Compensation and Benefits

Compensation and benefits topics – whether it’s minimum wage, workers’ compensation laws, or employee pay – if properly handled, can help you retain workers and recruit new ones.

Use our advice to craft independent contractor agreements that keep independent contractors – and your bosses – happy.

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Local governments in Michigan can, and sometimes do, legislate their own rules for employers within their jurisdictions. For example, several municipalities have living-wage laws stipulating higher pay than the state minimum wage, as well as bans on sexual orientation discrimination ...

The Texas Payday Act seems like it should be simple, but it’s perhaps the most complicated employment law in the state. Full of traps for the unwary, the law can spell big trouble for even innocent mistakes. Plus, it carries a fine of up to $1,000 per violation ...

The New Jersey Law Against Discrimination makes it unlawful to subject people to differential treatment based on race, creed, color, national origin, nationality, ancestry, age, sex (including pregnancy), marital status, domestic partnership status, affectional or sexual orientation, atypical hereditary cellular or blood trait, genetic information, liability for military service, mental or physical disability, perceived disability, AIDS and HIV status ...

Ohio’s workers’ compensation system protects employees who are injured on the job by replacing lost wages while they recover. The Ohio Bureau of Workers’ Compensation (www.ohiobwc.com/) administers the law. The system works as a no-fault guarantee ...

As of Oct. 1, 2006, the minimum wage in New Jersey is $7.15 per hour ($1.30 per hour higher than the new federal minimum wage effective July 24, 2007). For full-time college students, employers may pay as little as 85 percent of the minimum wage ...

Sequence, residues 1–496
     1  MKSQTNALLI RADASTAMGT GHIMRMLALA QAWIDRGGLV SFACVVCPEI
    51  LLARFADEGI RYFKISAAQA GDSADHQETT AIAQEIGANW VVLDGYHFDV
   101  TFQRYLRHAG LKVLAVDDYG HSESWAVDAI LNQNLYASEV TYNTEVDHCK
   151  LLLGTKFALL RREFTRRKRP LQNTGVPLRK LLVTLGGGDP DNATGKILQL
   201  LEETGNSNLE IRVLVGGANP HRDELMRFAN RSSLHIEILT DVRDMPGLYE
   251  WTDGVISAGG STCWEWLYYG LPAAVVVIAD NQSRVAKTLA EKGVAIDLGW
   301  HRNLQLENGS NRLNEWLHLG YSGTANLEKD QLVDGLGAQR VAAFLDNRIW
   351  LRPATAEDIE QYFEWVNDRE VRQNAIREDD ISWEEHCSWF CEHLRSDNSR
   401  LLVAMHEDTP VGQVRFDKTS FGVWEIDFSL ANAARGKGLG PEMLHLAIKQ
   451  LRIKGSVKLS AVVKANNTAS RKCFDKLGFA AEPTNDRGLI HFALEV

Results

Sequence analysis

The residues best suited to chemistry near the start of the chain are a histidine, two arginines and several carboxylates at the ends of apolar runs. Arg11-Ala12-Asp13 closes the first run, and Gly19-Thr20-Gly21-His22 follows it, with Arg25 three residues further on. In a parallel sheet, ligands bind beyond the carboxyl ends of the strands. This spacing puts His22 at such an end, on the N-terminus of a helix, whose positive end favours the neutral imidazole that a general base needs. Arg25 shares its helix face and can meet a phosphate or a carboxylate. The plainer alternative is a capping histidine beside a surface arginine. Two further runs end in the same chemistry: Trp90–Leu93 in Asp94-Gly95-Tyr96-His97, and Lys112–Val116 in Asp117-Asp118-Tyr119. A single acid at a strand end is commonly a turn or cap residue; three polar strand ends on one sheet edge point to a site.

Under the Ohio Fair Employment Practices Act (OFEPA), it’s illegal to subject people to differential treatment based on race, color, religion, sex, national origin, disability, age or ancestry. The OFEPA prohibits unlawful discrimination in employment and access to places of public accommodation ...

 

Since September 2001, when the Texas Minimum Wage Act was last amended, employers have been required to pay a minimum wage equal to the amount set by the federal government under the Fair Labor Standards Act ...

New Jersey local governments can (and sometimes do) legislate their own rules for employers within their jurisdictions. For example, several municipalities have living-wage laws stipulating higher pay than the state minimum wage ($7.15 per hour) ...

As of Jan. 1, 2007, the minimum wage in Ohio is $6.85 per hour. Employers with gross sales of less than $250,000 may continue to pay the federal minimum wage ($5.85 per hour effective July 24, 2007) ...

Florida’s unemployment compensation law, like that of many other states, provides temporary payments to employees who lose their jobs through no fault of their own. The law is complex and in some cases holds employers liable for unemployment insurance payments even when former employees weren’t fired but quit their jobs ...

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